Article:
My brother Steve, who's not quite as avid of a sports fan as I am, but enjoys the NCAA tourney and I have had some conversations where he's complained about the excessive number of television timeouts during the CBS NCAA coverage.
Today he cited recent columns from Washington Post columnists John Feinstein and Mark Cuban's favorite person, Leonard Shapiro which were critical of some aspects of the CBS tournament coverage and also complained about all the timeouts.
I asked him if they'd brought up the fact that CBS paid $6 BILLION for the rights to the tourney for 11 years and he said they did bring it up so I went and read the articles.
I don't really have too much of a problem with it because if I am out at a sports bar watching, I'm usually eating and drinking and with other people and don't notice it much. If I'm at home and it's not a game that matters to me (AKA I don't own one of the teams in the annual Calcutta Auction), I try not to get too vested until the last 5 minutes anyway. Until then, all the timeouts mostly play to my attention deficit disorder and I don't care too much because I wind up reading/writing e-mail, responding to comments on the blog, reading The Hollywood Reporter, or normal stuff like getting a snack and bladder relief.
While I don't know enough about MMA to comment on Cuban's criticism of Shapiro, I found his column about the NCAA coverage very well-reasoned.
That endless stream of commercials just keeps coming. In games I watched, I can't recall a single stoppage of play for a timeout or an injury when CBS didn't go right into its full Madison Avenue mode. There are times when they string four or five 30 second spots together, with a few promos for CBS programming. I wasn't doing an official count, but I'd guess there are at least 20 commercials aired between the end of the first half and the start of the second in every game.
Shapiro goes on to say that CBS is getting $1.4 million per 30 second spot, but the ratings in primetime certainly don't justify that kind of premium. I can't help wonder if CBS may not be making nearly that much per spot, and is instead making it up in volume.
Shapiro said it would bother him if he were a fan in the stands to have all that dead time. Bill and I both went to all of the first and second round games that were held in Sacramento and San Jose last year and personally, every time out spelled more cheerleaders so it just wasn't that awful. But it definitely seemed to affect the flow of the game from my perspective in the stands.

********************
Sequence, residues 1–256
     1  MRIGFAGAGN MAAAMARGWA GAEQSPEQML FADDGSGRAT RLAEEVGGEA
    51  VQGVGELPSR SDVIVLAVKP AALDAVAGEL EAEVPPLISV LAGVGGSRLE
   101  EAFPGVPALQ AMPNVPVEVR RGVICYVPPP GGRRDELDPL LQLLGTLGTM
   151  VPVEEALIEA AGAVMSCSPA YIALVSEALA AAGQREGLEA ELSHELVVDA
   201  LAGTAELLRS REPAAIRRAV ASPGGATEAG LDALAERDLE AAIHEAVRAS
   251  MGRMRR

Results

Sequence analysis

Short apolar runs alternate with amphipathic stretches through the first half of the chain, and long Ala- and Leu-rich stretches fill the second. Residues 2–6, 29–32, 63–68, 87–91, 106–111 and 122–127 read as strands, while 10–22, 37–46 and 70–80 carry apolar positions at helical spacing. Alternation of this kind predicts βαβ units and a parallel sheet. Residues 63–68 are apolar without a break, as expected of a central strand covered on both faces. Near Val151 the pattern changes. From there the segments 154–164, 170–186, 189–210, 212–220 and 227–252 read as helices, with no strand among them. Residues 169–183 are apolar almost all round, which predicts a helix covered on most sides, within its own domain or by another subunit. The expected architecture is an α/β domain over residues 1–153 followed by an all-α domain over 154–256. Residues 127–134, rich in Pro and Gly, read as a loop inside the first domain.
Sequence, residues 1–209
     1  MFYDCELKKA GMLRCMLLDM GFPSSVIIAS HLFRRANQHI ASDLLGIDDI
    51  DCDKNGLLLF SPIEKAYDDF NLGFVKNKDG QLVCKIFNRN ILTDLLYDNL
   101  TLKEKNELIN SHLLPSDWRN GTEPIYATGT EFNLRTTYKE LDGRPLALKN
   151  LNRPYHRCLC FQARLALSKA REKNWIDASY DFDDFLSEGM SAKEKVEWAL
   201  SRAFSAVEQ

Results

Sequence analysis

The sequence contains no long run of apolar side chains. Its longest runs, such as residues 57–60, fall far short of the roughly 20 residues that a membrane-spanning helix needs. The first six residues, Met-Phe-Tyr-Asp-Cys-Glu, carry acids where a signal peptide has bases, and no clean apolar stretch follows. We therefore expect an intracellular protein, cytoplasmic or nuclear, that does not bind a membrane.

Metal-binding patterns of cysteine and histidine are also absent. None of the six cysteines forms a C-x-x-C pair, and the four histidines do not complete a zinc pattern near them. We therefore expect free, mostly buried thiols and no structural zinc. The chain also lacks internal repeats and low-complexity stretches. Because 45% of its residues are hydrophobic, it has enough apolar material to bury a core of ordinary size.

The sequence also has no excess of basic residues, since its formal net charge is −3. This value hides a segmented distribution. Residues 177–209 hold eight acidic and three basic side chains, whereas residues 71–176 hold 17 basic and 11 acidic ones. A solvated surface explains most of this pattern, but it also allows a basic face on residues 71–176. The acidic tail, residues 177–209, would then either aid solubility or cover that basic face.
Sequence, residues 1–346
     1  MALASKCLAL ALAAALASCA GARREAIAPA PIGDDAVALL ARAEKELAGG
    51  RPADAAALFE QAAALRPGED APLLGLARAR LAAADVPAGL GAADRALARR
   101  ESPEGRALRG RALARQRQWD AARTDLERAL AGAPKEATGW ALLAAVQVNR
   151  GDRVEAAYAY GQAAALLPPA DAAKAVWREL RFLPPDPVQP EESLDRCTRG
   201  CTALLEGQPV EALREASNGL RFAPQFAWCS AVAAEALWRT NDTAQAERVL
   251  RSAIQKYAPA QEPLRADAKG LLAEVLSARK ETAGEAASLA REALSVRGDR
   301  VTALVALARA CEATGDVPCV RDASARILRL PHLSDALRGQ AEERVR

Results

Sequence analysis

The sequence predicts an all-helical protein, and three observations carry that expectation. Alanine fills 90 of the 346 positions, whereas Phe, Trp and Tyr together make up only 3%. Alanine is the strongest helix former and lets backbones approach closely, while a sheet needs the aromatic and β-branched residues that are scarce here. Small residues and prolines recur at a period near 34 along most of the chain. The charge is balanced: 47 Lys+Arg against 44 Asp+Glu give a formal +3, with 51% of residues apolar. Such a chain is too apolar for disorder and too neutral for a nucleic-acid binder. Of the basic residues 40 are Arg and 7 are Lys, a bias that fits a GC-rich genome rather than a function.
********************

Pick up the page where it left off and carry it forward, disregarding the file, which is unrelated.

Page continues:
I certainly can understand about seeing the same spot 5 times per half hour, but with all the checking e-mail and The Hollywood Reporter, I don't really let it get to me. Sometime ADD and multitasking can be your friend. It will be interesting to see if CBS renews the contract when it expires in 2011 and what the next contract costs on an annual basis. At $545 million a year, CBS only needs to air around 400 thirty second spots for the whole tournament at $1.4 million per spot. And even with my limited attention span it seems like there at least 100 per game!
CBS averaged less than 10 million viewers during primetime portion of the coverage on Thursday night, less than half of which were in the coveted 18-49 demographic. By contrast a new episode of CSI: Miami last week averaged almost 16 million viewers and well over five million people in the demo on CBS. Last year's NCAA Final drew 19.56 million total viewers, but the next to the last new episode of granddaddy CSI pulled 19.87 million viewers and almost 8 million 18-49 demo viewers on December 13, 2007.
My brother raises one interesting consideration. He wonders whether the Nielsen ratings for CBS' coverage wouldn't be better if there weren't so many commercials.